Ford government’s controversial plan for private medical clinics will begin this spring

Posted on January 21, 2024 in Health Policy Context

Source: — Authors: – Provincial Politics
January 17, 2024.   By Rob Ferguson, Queen’s Park Bureau

The Ontario government will approve more privately owned clinics to provide diagnostic services like CTs and MRIs and surgeries starting April 1.

Ontario is forging ahead with its controversial plan to shorten wait times for patients by approving more privately owned clinics to provide CT scans, MRIs, and hip and knee replacements.

But the change — which critics fear will bleed the public health system of doctors, nurses and other resources at a time when patients face record waits in hospital emergency rooms — remains months away from taking shape.

The province won’t begin taking applications for clinics until this spring, Health Minister Sylvia Jones said Wednesday, adding clinics will be prioritized for areas with long wait-lists.”We aren’t accepting a status quo that leaves too many people waiting too long for care,” she added, saying services will “always be paid for with your OHIP card, never a credit card.”

The initial plan had been to begin accepting applications from prospective clinics last summer.

To alleviate concerns about quality of care, new clinics and more than 900 already operating will be overseen starting April 1 by the independent, non-profit organization Accreditation Canada, which monitors hospitals and clinics across Canada and in 35 countries.

Chief executive Leslee Thompson pledged to “develop and deliver a high-quality oversight and assessment program” and said reports will be made public.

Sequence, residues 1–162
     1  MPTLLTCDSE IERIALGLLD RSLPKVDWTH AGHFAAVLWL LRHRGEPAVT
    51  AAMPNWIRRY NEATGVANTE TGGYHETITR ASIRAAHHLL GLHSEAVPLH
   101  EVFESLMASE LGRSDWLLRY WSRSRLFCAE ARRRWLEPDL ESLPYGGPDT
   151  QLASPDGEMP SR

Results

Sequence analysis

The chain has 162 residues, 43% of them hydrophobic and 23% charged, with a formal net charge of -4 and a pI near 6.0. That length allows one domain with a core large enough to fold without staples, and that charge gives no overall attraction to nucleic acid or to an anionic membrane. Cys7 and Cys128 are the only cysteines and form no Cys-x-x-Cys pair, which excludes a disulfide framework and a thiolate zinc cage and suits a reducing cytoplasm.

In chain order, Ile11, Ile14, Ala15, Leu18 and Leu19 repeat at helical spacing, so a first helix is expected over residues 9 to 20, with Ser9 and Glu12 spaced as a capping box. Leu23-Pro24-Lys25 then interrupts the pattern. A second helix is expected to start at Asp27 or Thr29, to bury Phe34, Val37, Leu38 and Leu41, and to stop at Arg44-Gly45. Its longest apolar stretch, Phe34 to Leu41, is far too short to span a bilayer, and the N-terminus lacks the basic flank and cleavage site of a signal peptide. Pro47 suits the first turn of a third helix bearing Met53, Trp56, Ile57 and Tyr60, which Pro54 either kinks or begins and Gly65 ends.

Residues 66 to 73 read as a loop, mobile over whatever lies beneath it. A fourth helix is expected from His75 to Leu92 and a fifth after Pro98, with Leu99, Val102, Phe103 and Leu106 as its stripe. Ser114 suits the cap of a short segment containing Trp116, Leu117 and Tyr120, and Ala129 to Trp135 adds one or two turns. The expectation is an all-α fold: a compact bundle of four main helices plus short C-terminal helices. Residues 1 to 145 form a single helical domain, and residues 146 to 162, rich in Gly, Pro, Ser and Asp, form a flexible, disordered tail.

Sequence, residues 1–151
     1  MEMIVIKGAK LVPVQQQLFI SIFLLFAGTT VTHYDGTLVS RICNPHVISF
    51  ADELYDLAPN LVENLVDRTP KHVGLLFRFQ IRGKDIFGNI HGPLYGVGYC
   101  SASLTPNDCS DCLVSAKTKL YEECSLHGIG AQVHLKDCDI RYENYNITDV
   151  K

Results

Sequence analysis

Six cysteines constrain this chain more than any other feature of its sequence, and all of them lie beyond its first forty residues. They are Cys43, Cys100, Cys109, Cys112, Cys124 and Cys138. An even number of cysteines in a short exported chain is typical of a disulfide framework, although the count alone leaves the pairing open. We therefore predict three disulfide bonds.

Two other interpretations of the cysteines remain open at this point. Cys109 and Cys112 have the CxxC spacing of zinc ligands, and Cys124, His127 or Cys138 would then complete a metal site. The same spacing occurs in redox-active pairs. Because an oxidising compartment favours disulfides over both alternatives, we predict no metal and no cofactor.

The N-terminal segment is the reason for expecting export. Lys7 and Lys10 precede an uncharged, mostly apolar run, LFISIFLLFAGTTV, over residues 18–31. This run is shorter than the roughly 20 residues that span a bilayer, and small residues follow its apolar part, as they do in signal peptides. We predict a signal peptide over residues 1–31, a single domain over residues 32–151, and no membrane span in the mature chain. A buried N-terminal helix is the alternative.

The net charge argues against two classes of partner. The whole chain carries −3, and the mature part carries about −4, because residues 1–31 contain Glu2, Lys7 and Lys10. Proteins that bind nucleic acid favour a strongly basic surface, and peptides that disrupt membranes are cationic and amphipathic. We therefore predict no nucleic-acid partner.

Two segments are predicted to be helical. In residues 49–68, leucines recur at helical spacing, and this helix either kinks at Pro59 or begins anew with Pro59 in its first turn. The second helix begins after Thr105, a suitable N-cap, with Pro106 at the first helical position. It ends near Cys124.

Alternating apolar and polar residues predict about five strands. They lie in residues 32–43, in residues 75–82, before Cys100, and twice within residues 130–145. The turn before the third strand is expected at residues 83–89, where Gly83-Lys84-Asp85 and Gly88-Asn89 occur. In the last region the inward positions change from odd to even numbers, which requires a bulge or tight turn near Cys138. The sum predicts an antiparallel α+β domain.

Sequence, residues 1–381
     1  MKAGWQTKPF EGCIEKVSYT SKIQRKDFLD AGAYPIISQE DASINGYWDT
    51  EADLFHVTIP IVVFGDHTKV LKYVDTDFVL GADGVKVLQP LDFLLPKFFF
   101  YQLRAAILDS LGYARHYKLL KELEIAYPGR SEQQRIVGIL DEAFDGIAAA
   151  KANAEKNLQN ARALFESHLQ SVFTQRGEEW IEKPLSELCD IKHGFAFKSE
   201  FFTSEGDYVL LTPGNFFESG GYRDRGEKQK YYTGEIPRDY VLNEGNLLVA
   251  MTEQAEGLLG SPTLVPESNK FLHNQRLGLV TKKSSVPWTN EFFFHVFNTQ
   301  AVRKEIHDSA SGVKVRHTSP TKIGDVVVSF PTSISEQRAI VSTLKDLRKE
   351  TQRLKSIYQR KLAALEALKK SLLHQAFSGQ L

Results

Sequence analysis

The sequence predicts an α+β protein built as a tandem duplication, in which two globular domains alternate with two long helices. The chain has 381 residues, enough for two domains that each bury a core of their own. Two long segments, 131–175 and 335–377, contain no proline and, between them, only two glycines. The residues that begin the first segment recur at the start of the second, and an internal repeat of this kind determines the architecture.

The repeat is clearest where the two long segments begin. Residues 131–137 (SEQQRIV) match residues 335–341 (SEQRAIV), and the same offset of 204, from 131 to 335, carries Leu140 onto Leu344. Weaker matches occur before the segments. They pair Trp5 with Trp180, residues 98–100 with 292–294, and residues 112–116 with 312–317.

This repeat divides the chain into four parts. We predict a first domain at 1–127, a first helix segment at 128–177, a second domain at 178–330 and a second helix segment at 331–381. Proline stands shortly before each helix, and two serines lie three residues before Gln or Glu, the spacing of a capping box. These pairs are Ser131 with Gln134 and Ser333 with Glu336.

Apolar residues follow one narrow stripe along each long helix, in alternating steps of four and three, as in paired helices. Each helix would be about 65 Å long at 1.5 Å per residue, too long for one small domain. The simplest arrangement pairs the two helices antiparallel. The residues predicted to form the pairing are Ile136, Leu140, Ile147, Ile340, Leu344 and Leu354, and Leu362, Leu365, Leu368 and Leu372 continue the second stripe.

“The average wait for a hospital bed is 22 hours in this province … wait times for publicly funded health care will become even longer.”

Tabuns warned more privately owned clinics raised the spectre of patients being asked to pay for extras not covered by OHIP, despite assurances from the health minister.

“The pressure on people to pay for unnecessary treatments, unnecessary equipment, to be upsold, is very strong,” he added, warning of a slippery slope to “two-tier health care” where patients who are willing to pay extra get faster care.

Ontario’s auditor general warned in 2021 that cataract surgery patients — who suffer blurry vision as they age — are the most vulnerable to “misleading sales practices” in some circumstance.

Jones said the new services in private clinics will also include gastrointestinal endoscopies, with hip and knee replacements to be the first orthopedic surgeries offered.

Having more diagnostic services available more conveniently will speed treatment, she maintained.

Ontario currently has more than 900 private clinics in operation, mainly providing X-rays and other diagnostic services, and many of them predate Premier Doug Ford’s Progressive Conservative government. There are only a handful of surgery clinics. It’s not known how many more will be licensed but four new cataract surgery clinics have opened in the last year to meet demand, getting 14,000 patients off waiting lists that grew during the COVID-19 pandemic.

While there has been fierce public debate about the merits of more private clinics, Windsor Regional Hospital has hailed the private Windsor Surgery Centre — staffed by ophthalmologists with hospital privileges — for taking on OHIP-funded cataract surgeries it could not handle.

Liberal Leader Bonnie Crombie said the looming call from Jones for more private clinics is “an open invitation for corporations to profit off our publicly funded health-care system.”

Shamji said he fears new clinics will be concentrated in heavily populated areas — not in under-serviced areas — because that will provide private investors who bankroll them with the best bang for their buck.

“The urban centres will offer the best economies of scale that will maximize profits for these surgical centres,” he told the Star.

A law called the Your Health Act was passed by Ford’s majority government last May to clear the way for more private clinics.

The Ontario Nurses’ Association said private clinics could poach nurses and other medical professionals from hospitals struggling with staff shortages, making it tougher to care for patients in the public health care system.

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